Sunday, 29 May 2016
Syzygium australe, with many common names that include brush cherry, scrub cherry, creek lilly-pilly, creek satinash, and watergum, is a rainforest tree native to eastern Australia. It can attain a height of up to 35m with a trunk diameter of 60cm. In cultivation, this species is usually a small to medium-sized tree with a maximum height of only 18m.
The leaves are opposite, simple, lanceolate from 4–8 cm long. Flowers are white and in clusters. The dark pink to red fruits are edible. Closely related to the Eugenias, I planted mine specifically because Grey Louries are purported to be fond of the fruit. Just a kilometer away from us there are Louries in abundance and yet they don’t visit my garden at all. It doesn’t seem to have helped, my Syzygium is 10 years old already and nary a Grey Lourie! But I do enjoy this tree’s shiny foliage and those lovely berries. Flowering time is early summer. In early autumn, red to purple roundish fruits are produced. They are about 15 mm in diameter and are tipped with a persistent calyx.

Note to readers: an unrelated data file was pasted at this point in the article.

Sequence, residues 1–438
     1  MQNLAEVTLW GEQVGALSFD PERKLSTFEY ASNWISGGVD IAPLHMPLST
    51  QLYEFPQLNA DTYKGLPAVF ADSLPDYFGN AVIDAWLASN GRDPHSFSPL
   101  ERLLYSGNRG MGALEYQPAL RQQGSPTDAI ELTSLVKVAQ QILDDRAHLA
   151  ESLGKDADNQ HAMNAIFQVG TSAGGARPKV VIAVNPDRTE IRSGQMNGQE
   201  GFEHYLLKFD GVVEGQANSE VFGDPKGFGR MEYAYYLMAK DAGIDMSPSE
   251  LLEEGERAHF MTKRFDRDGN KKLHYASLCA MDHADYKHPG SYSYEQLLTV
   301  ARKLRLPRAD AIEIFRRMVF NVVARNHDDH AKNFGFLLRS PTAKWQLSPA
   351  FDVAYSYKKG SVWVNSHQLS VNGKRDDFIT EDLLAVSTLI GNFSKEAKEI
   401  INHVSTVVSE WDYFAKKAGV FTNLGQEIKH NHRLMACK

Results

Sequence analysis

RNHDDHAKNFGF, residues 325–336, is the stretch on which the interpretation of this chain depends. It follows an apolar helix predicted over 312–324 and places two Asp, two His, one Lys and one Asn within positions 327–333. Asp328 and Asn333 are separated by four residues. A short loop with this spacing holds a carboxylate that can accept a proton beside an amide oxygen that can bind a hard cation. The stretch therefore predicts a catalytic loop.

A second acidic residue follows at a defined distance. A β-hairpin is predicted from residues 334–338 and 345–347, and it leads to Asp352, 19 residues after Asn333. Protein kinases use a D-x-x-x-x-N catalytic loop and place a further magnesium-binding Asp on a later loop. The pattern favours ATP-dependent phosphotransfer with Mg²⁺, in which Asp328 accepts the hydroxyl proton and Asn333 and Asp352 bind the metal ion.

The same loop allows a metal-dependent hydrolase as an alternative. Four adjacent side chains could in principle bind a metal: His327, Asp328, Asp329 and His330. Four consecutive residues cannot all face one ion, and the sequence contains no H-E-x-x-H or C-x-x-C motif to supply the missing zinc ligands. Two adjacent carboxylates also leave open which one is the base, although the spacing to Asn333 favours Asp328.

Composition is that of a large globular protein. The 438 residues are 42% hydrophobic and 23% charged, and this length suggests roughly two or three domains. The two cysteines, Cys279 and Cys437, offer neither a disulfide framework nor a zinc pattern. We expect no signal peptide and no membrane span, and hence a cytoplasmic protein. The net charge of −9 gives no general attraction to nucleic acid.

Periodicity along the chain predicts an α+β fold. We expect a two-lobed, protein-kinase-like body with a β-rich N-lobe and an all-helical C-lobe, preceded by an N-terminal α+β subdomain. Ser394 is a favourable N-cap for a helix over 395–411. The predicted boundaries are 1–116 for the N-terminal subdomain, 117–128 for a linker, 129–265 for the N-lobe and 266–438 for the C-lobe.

The genus Syzygium has many medicinal properties. Eugeniin extracted from the buds of almost all species of this genus has antiviral activity against the Herpes simplex virus. Bark infusions of this plant are said to ease pain and coughing.
Purported to be evergreen, mine frosts down every winter and every spring I anxiously await the new greenery, relieved when at last it makes its appearance.
One thing about planting a non-indigenous species of tree, is that no birds are interested in the fruit and don't even use it for nesting. The Mynahs are just about the only birds I ever even see visiting it. But it is a lovely ornamental tree for the garden.